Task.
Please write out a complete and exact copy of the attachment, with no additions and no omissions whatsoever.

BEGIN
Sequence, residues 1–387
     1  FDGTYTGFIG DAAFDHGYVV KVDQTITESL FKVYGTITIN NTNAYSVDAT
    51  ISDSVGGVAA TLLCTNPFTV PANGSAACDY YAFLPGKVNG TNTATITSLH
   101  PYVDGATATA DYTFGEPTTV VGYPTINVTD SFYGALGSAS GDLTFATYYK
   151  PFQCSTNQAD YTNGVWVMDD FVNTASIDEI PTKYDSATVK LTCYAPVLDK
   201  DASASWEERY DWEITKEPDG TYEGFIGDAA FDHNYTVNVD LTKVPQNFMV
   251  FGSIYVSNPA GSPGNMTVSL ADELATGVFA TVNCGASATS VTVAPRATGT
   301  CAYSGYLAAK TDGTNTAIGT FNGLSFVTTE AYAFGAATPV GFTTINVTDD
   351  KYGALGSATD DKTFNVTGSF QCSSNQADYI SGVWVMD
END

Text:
Sequence, residues 1–387
     1  FDGTYTGFIG DAAFDHGYVV KVDQTITESL FKVYGTITIN NTNAYSVDAT
    51  ISDSVGGVAA TLLCTNPFTV PANGSAACDY YAFLPGKVNG TNTATITSLH
   101  PYVDGATATA DYTFGEPTTV VGYPTINVTD SFYGALGSAS GDLTFATYYK
   151  PFQCSTNQAD YTNGVWVMDD FVNTASIDEI PTKYDSATVK LTCYAPVLDK
   201  DASASWEERY DWEITKEPDG TYEGFIGDAA FDHNYTVNVD LTKVPQNFMV
   251  FGSIYVSNPA GSPGNMTVSL ADELATGVFA TVNCGASATS VTVAPRATGT
   301  CAYSGYLAAK TDGTNTAIGT FNGLSFVTTE AYAFGAATPV GFTTINVTDD
   351  KYGALGSATD DKTFNVTGSF QCSSNQADYI SGVWVMD